Regarding the protection: your Pi is only worth a few bucks. If you have a thunderbold stroke in the vicinity it will probably be fried. With or without a usb hub in the middle.
    I needed a static address so I can leave the Pi to start on its own after a power down and to allow me to connect from a PC via Putty. I don't want a monitor or keyboard connected to the Pi when it is fully functional.

    The use of a hub would be to supply current to the Dongle and the the two active 10m USB cables without straining the Pi USB port.
    Thank you for the info regarding the ferrite beads. Next time the antenna is dismantled I'll make up a coax choke, but I am also trying to lower the RF levels from adjacent transmitter antennas a few metres below and on either side of the ADS-b antenna. (50w at 147MHz into 2x 10 element yagis is my main worry).

    Leave a comment:


  • RIN67630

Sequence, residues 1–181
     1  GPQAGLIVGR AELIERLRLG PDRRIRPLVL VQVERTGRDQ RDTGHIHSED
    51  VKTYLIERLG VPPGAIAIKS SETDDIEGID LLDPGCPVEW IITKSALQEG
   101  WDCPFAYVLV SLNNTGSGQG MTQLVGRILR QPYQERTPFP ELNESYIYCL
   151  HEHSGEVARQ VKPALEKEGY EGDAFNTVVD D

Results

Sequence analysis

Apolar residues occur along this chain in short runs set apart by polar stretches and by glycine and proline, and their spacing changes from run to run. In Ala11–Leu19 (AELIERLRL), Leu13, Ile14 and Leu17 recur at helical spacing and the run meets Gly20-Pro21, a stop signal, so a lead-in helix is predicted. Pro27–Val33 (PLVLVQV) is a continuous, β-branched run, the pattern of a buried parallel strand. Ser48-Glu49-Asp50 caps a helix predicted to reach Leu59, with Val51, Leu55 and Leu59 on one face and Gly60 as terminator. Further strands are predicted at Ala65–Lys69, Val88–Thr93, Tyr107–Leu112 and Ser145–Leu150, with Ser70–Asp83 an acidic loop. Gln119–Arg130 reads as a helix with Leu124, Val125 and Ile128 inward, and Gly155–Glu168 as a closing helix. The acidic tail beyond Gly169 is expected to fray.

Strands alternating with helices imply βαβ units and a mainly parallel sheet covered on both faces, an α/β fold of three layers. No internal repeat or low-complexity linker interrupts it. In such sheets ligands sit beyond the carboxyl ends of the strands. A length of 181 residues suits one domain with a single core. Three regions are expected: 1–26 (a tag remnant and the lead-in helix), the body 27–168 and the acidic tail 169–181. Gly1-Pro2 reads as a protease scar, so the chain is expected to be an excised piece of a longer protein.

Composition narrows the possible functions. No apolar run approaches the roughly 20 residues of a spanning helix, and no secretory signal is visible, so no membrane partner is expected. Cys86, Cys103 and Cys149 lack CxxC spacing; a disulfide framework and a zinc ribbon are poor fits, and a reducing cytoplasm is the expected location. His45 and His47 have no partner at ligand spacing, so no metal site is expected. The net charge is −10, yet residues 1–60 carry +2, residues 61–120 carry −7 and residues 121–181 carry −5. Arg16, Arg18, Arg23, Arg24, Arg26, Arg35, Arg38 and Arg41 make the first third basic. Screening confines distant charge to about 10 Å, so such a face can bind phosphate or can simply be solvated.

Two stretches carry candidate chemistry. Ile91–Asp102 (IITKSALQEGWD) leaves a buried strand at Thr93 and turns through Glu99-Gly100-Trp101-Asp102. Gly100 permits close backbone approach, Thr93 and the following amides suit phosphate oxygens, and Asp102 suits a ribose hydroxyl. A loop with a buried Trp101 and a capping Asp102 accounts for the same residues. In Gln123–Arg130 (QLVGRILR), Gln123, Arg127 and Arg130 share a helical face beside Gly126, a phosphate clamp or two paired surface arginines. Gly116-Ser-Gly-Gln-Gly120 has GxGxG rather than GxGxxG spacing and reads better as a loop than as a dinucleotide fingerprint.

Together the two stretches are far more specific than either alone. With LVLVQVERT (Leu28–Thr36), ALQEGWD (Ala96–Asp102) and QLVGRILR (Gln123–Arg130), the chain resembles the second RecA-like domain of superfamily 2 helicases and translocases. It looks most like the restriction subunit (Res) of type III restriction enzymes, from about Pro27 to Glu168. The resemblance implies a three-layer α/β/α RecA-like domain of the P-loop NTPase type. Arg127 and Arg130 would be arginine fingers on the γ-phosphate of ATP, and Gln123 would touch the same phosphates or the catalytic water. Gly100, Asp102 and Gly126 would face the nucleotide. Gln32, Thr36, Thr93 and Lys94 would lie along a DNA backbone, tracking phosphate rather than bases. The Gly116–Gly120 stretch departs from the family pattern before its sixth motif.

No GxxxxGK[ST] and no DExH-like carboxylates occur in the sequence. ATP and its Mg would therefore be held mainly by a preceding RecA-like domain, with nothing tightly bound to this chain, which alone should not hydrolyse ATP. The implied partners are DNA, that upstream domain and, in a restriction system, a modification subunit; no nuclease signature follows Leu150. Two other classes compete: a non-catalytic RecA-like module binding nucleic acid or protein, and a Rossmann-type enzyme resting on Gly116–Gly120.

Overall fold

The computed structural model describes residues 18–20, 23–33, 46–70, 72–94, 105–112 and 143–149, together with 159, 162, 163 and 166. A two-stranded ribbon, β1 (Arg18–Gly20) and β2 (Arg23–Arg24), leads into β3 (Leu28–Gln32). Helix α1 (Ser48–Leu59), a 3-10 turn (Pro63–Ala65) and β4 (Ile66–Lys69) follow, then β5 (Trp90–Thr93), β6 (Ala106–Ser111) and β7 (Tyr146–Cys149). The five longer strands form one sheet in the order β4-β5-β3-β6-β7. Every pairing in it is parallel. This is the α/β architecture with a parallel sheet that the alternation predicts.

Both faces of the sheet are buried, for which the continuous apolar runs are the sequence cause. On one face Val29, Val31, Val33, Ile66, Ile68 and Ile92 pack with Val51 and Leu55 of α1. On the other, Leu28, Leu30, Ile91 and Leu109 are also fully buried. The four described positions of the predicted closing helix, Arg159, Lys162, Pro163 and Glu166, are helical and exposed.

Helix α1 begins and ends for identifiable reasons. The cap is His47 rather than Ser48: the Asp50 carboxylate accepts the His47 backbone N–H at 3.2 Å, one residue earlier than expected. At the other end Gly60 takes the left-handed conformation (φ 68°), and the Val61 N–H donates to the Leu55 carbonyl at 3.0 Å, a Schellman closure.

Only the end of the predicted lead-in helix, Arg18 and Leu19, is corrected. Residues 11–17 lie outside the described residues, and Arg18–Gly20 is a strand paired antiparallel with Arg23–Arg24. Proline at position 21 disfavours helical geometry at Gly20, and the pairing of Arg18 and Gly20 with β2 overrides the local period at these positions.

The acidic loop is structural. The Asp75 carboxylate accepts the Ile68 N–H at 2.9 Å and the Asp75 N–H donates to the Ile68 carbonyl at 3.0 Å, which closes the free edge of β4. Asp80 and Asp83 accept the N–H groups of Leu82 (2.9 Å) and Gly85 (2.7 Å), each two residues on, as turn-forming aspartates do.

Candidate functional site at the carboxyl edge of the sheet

replied
    Hi Keith,
    The IP address of the Pi is usually given from the router. Many routers have a function to assign the IP based on the MAC address.
    You may also do it that way: http://www.modmypi.com/blog/tutorial...tic-ip-address but it should not be necessary.
    When you start from NOOBS you have usually autologin from scratch.

    The ferrites should not be very efficient in the GHz area, but it's a good idea to wind 4-5 loops of cable to make a balun.
    Regarding the protection: your Pi is only worth a few bucks. If you have a thunderbold stroke in the vicinity it will probably be fried. With or without a usb hub in the middle.

    Leave a comment:


  • Keith Browning
    replied
    Hi Laslo